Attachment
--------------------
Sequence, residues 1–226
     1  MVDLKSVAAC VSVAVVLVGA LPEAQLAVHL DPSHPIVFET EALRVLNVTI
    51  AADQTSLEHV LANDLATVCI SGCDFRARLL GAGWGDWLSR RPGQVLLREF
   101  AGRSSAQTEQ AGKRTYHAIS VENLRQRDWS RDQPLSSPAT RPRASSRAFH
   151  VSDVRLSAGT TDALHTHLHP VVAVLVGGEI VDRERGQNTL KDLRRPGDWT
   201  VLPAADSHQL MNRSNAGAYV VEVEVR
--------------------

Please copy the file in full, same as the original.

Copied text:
Sequence, residues 1–226
     1  MVDLKSVAAC VSVAVVLVGA LPEAQLAVHL DPSHPIVFET EALRVLNVTI
    51  AADQTSLEHV LANDLATVCI SGCDFRARLL GAGWGDWLSR RPGQVLLREF
   101  AGRSSAQTEQ AGKRTYHAIS VENLRQRDWS RDQPLSSPAT RPRASSRAFH
   151  VSDVRLSAGT TDALHTHLHP VVAVLVGGEI VDRERGQNTL KDLRRPGDWT
   201  VLPAADSHQL MNRSNAGAYV VEVEVR